## 5 Current-Sensing Resistors | Electronic Design

Although there are several ways to sense current flowing from a source such as a battery, or to a load such as a motor, the current-sense resistor is among the most widely used approaches. There are several reasons for this: reasonable cost, electrical compatibility with the rest of the circuit, and the ease of scaling and adjusting the sensing arrangement.

The basic principle is simple and based on Ohm’s Law: Insert a resistor of known value in series with the current flow, measure the voltage across that resistor, and do a simple I = V/R assessment, which can be accomplished with all-analog circuitry or via computation. This is often called a shunt resistor, but that’s somewhat of a misnomer, since the resistor doesn’t “shunt” anything.

The first question is: Should the sense resistor be inserted on the high side or the low side of the source or load? For various reasons, it’s almost always placed in the high side. In the low-side arrangement (Fig. 1), one terminal of the resistor is connected to the circuit common (generally called “ground” although this, too, is a misnomer in many cases).

1. Low-side sensing places the resistor between the load and common (ground). It simplifies the interface to the voltage-reading analog front-end, but brings problems with load integrity and loop stability.

While this makes it easier to sense the resistor voltage, it also means that the load is no longer connected to ground, which leads to system stability and performance issues. It also can’t be used with non-grounded loads such as motor in a H-bridge drive configuration.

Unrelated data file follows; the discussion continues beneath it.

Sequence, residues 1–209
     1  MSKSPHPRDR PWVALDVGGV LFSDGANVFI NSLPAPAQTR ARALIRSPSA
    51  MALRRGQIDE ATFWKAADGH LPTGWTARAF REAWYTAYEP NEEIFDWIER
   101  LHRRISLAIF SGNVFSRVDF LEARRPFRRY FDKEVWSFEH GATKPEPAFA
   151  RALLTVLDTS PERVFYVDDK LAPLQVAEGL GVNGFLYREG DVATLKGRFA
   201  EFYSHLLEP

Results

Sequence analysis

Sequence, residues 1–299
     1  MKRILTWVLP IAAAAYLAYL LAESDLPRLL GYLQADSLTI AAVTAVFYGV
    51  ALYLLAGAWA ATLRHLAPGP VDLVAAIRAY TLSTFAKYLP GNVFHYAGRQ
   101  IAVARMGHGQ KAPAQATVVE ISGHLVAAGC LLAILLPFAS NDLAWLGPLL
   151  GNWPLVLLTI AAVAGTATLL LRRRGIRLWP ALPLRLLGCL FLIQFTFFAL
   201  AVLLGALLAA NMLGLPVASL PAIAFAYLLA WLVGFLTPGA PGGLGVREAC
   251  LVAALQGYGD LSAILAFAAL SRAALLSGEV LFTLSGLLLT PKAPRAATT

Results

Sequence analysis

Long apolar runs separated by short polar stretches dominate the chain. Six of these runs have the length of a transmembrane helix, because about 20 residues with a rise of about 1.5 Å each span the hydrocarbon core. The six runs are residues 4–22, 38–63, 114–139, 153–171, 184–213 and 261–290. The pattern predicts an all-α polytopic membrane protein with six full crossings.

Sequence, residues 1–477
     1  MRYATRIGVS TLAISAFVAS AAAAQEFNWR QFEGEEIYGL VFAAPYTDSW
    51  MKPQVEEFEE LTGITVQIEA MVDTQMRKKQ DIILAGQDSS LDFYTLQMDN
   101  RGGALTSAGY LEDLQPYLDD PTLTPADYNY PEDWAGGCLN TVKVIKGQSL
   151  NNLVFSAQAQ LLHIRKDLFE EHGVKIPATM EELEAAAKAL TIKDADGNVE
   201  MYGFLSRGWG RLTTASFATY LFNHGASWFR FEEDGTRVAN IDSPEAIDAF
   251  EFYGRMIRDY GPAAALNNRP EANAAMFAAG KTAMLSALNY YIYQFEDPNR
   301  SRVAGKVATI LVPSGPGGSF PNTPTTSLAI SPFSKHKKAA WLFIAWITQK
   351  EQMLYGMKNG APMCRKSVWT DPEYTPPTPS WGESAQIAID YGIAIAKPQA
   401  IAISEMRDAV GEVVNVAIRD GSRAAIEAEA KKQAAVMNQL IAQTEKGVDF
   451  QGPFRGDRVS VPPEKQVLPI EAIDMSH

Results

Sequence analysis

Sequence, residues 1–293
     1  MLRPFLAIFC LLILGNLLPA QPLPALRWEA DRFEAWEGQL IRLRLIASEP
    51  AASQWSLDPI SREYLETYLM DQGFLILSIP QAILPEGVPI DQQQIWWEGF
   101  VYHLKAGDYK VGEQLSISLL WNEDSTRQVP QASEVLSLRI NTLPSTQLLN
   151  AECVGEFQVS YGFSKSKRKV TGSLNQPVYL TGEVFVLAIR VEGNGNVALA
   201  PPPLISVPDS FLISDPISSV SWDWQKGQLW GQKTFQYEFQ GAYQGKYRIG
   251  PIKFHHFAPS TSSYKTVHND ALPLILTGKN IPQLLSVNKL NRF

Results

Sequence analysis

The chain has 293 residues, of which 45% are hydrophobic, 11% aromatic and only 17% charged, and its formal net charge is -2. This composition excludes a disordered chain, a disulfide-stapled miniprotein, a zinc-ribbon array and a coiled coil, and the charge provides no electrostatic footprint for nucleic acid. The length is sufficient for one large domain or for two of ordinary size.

The alternative is inserting the resistor on the high side, with neither end grounded (Fig. 2). As a result, the voltage-sensing circuit at the resistor can’t be a simple grounded amplifier. Instead, it must be a differential or instrumentation amplifier, and many ICs are available for this function.

2. High-side sensing is the more commonly used approach, despite the fact that it brings new issues of differential sensing, dealing with common-mode voltage, and possible need for isolation.

This amplifier must have a common-mode voltage (CMV) rating that’s greater than the common-mode voltage at the resistor. In some special cases, or where the CMV at the resistor is high (typically greater than 50 to 60 V), it may be technically prudent or even required to use galvanic isolation between the resistor and the rest of the circuit to maintain signal integrity and assure user safety. This isolation can be achieved via magnetic, optical, or capacitive techniques. Again, these are easy-to-use components.

Resistor Essentials

Once the high-side/low-side decision is made, and the resistor interface circuit is determined, the designer must focus on the resistor itself. Although it’s conceptually a simple component (“it’s just a resistor” is often heard), several critical questions must be addressed:

• What is the “optimum” resistor ohm value?
• What is the resulting dissipation of the resistor and thus its required wattage rating?
• What is the temperature coefficient of resistance (TCR or tempco) of the chosen resistor, and how does it affect resistor value and thus accuracy of the reading? TCR is usually expressed in ppm/°C, or ohms change per degree per initial resistance.